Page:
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Gas flaring to power proposed electricity station in Alberta Peace

Plant would 'significantly' reduce flaring and emissions, company says

A Calgary company says a proposed power plant in the Alberta Peace will harness energy from oil and gas flaring to generate low-emission electricity.

Kineticor Resource Corp. and oil and gas producers near Peace River have entered into an agreement to build and operate a 100-megawatt power project fuelled by gas which would otherwise go up a flare stack.

The $100 million project promises to cut emissions from the oil and gas sector while “significantly” reducing flaring in the area, Kineticor Business Development Manager Kate Nesbitt said.

“Not only are we reducing emissions because the turbines on this power project have a higher combustion efficiency, we’re also creating a useful product,” she said in an interview.  

Baytex Energy, one of the largest heavy oil producers in the area, has signed onto the project, Nesbitt said. She said it was too soon to name other producers involved.  

Flaring allows upstream oil and gas producers to burn off excess gas produced during the extraction process. In the case of the Peace River plant, that gas is a byproduct of heavy oil production. Typically, gas is flared to reduce pressure on equipment when a producer is unable to process or transport the excess product.  

The practice tends to be controversial in oil producing regions.

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A flare stack on a rig in the South Peace earlier this summer. Flaring can be controversial because for its effects on air quality, light pollution and upstream emissions. - File



The Blueberry River First Nation, for example, refers to parts of its traditional territory as “Little Kuwait” due to flaring associated with natural gas production in the area. In mandate letters issued by B.C. Premier Christy Clark, Natural Gas Minister Rich Coleman was instructed to work with industry to eliminate “routine” natural gas flaring—a significant emitter of methane. And a citizens group in the B.C. Peace has begun an air quality monitoring program due to concerns about flaring’s health effects.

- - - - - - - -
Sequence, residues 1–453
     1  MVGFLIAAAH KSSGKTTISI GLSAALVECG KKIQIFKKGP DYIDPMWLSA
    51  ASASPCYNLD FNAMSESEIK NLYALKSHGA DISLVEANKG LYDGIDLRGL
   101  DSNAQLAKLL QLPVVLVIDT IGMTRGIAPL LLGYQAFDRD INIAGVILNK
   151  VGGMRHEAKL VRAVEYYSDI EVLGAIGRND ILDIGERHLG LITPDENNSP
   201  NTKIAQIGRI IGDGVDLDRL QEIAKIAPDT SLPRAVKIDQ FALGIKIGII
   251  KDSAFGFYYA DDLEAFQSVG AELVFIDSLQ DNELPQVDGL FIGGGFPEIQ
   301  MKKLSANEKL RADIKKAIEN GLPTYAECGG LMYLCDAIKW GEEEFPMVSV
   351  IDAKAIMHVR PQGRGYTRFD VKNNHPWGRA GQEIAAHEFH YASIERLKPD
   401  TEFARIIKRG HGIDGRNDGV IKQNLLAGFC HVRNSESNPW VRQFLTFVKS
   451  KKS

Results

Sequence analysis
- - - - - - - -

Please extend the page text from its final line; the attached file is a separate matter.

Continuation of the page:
Trapping and using that gas to generate electricity could mitigate some of those issues.

Nesbitt said there’s little natural gas transmission capacity in the Peace River area, giving producers few choices but to flare. The Alberta Energy Regulator is also placing new restrictions on the practice, which made the need for alternatives more urgent.

“We needed to come up with a solution to conserve the gas,” she said.

“We're really trying to approach power generation differently in Alberta,” she added, noting power from similar projects could go toward replacing coal-fired generation on Alberta’s electricity grid. “We don't think the current or previous model of large, centralized power generation is always the best idea.”

Similar projects exist in Saskatchewan, she said.

“We think we need to look at the value chain and actually connect the gas producers to electricity generators. What we're trying to do is bring those sectors together and generate electricity where the gas is produced.”

The Peace River Power Project would produce enough power for 90,000 homes and reduce emissions by around 3.1 million tonnes of CO2 equivalent over the life of the facility. The project is expected to create around 120 jobs during construction. Kineticor hopes to begin construction during the second half of 2017.

reporter@dcdn.ca